“I’m sorry” legislation was recently passed in Michigan. The Governor signed the bill that will grant Michigan health care providers protection if they want to apologize for medical errors, indicates a professor. The state Senate unanimously approved the legislation and there was only a lone vote against the measure in the House.
The ‘nay’ voter believes the bill’s protection of physicians erodes civil rights for victims of medical errors.
The Michigan State Medical Society, Michigan Health & Hospital Association and the Michigan Association of Justice all supported the legislation.
35 other states and the District of Columbia and The Bronx and Brooklyn already have laws that generally prohibit statements or writings expressing sympathy, compassion or commiseration about the pain, suffering or death of a patient or family from being used as an admission of liability in lawsuits.
A study reports that previously any “I’m sorry” comment could be used in court against the doctors – in malpractice suits, etc. This kind of necessity keeps doctors looking cold, hard and unfeeling when their legal advisors tell them to keep their mouths shut and not to express any wrongdoing at all or even remorse as that could be construed as wrongdoing.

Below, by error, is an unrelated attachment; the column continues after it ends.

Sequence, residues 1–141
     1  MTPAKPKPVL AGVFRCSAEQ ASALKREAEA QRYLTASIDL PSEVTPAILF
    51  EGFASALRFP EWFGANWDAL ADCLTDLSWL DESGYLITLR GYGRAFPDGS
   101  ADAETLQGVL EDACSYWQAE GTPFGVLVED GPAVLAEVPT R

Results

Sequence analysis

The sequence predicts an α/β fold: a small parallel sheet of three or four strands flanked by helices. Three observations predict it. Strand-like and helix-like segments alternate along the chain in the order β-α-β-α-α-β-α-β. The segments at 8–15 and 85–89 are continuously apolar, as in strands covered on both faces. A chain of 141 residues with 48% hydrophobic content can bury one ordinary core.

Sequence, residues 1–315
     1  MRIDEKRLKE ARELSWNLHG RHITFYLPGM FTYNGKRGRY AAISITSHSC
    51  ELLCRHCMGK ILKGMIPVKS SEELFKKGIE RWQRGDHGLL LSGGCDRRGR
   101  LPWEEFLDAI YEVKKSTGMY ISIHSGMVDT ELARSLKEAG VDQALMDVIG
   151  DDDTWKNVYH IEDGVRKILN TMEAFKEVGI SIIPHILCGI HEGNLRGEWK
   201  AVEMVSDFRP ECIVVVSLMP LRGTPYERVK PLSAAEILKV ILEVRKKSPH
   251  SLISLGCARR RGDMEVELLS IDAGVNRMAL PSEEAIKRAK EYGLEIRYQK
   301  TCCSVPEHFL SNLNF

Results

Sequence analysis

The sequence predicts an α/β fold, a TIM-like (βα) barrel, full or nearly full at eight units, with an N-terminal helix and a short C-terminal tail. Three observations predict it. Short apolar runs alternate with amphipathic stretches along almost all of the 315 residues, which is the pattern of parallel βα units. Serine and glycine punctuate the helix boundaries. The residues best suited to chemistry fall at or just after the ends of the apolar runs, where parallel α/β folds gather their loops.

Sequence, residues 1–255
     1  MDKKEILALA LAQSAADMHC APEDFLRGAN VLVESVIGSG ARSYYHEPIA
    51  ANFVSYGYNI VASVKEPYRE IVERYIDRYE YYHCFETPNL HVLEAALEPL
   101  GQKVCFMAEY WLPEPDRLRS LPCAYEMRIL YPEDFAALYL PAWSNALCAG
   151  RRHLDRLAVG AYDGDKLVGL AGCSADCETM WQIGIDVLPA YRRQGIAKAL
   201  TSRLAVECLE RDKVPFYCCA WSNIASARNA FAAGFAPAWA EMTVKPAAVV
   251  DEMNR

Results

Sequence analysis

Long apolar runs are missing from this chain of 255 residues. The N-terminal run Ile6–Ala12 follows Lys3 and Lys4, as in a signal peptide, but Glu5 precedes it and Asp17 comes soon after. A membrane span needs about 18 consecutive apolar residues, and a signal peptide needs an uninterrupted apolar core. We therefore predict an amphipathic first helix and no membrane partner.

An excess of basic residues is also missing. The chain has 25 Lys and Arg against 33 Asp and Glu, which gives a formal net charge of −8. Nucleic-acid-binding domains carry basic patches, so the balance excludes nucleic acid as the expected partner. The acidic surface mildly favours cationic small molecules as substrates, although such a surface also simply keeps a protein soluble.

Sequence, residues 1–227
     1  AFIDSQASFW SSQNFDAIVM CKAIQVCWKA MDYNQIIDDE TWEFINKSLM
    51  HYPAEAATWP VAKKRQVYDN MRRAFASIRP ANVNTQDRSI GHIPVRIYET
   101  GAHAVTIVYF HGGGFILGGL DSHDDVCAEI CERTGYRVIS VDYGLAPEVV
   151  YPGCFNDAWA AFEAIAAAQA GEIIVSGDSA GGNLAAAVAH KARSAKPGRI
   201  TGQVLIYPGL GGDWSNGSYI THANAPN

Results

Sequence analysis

Medical malpractice does exist. There are also genuine mistakes and situations where nothing could have helped the deceased or injured. In such cases as the later, why should a doctor be held accountable for not doing the undoable just because he expresses compassion for a patient’s plight?
Right and proper evidence will still make a case for medical malpractice. “Solid injury lawyers will still be able to ascertain whether medical malpractice exists in a case and will be able to go forward and win without the ‘expressed condolences’ of the doctor or surgeon,” a study stipulates.
When you suspect medical malpractice that resulted in death or further injury, seek out a New York Medical Malpractice Law Office’s help. Consultations are available any time.